Born in West Bengal and raised in a family of voracious readers, Kirchner, a resident of Seattle, has been entranced by words since she was a child. But before putting pen to paper she had other journeys to take.
In the 1960s, she came to the United States to study and worked full time in a field unrelated to writing. Yet Kirchner longed to blend her love of literature and cooking. Her desire simmered until the early 1990s, when The Healthy Cuisine of India: Recipes from the Bengal Region was first published. The cookbook set her on her literary road, one that continues to lure her to intriguing destinations.
Prior to being a writer, you were a systems engineer for IBM, a systems manager, and computer consultant. How did you transition from an analytical field to a creative one?
Ever since I was a child, I wanted to be a writer. I always read a lot. But I didn’t see writing as a means of earning a living. So, academically, I pursued another interest: mathematics. Eventually, that led me to the software field. After working in the field for a number of years, I joined IBM as a systems engineer.
One day, while I was still employed by IBM, the writing bug hit me. I kept it to myself for a long time. Then I did what you’re not supposed to do: quit my lucrative full-time job and delved into the unknown world of writing.
Family and friends were skeptical, but I stood my ground. I felt writing was in my bones, and I had no choice but to pursue it.
It’s not an easy transition, especially when you’ve been immersed in a technical field for so long. At my readings, I am often asked by engineer-types how I shifted gears. I can offer you no formula, I reply. I jumped with both feet and, fortunately, was able to make it work.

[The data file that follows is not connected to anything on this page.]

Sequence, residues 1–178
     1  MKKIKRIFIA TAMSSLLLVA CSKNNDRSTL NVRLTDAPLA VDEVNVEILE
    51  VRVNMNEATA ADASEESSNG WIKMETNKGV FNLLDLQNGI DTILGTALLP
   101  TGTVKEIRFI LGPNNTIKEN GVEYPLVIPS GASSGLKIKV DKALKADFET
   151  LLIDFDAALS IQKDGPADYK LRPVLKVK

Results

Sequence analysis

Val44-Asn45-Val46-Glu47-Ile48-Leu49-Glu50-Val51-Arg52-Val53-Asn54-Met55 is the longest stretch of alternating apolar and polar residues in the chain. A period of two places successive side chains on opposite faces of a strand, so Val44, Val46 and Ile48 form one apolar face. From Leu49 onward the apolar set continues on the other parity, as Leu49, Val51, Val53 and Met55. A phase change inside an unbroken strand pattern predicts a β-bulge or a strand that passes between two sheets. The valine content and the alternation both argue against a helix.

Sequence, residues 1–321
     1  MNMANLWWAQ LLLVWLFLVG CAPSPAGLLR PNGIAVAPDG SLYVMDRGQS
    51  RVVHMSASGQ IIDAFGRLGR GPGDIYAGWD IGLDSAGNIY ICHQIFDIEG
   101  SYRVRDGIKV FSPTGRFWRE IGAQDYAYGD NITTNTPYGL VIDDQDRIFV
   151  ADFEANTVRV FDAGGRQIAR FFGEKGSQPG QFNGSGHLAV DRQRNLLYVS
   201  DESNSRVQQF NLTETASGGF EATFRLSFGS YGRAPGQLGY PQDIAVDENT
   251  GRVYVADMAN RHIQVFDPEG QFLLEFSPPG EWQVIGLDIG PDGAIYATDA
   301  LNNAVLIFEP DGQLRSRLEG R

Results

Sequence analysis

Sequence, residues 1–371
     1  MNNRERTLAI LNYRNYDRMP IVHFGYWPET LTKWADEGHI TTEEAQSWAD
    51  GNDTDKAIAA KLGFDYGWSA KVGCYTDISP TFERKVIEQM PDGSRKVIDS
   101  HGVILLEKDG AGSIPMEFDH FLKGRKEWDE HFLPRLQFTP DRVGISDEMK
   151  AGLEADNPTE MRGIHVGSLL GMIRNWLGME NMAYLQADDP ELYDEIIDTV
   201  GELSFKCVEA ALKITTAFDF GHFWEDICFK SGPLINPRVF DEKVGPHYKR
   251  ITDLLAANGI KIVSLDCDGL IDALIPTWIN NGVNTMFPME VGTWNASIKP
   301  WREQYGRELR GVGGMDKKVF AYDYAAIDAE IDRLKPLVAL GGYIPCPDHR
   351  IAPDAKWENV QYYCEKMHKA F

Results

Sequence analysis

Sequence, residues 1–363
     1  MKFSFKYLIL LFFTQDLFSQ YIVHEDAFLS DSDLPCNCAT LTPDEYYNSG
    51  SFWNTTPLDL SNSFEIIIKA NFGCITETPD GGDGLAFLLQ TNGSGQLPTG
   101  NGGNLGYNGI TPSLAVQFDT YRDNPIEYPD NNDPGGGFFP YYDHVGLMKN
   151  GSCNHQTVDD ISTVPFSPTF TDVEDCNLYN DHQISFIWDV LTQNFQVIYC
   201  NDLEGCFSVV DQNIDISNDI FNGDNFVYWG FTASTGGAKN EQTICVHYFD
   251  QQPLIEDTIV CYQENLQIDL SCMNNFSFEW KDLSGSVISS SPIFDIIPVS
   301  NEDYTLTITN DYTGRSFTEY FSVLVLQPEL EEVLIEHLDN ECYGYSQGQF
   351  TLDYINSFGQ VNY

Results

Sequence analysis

When did your passion for words become evident? Did your desire to write develop simultaneously, or did this come later?
The passion was always there. It spoke to me in the wee hours of the morning. For a long time I didn’t act on it.
I couldn’t, as I had to make a living. But I was always an avid reader and that, I believe, kept the flame alive.
What were your early explorations in writing? Short stories? Fiction? Or food-writing?
I started out writing magazine articles, the topics being food, fitness, travel, and life-style—all the areas I was interested in. I’ve written for Food & Wine, Eating Well, Northwest Travel, Walking, The Writer, and many other publications. To this day, cloistered at home during a long fiction project, I manage to whip up a few magazine articles. It’s a way for me to get back in touch with reality and receive feedback about my work.
Your collection of work spans many genres. How are you able to move easily from cookbook author to novelist, to magazine writer, essayist, and book reviewer?
Writing in a variety of genres keeps me stimulated. I believe it is curiosity and a sense of challenge that keeps me trying new avenues of writing. By no means do I find it easy to go from one to another. Each genre has its requirements, and you must keep on figuring out your steps.
When did you first develop an interest in cooking and begin to prepare your own dishes?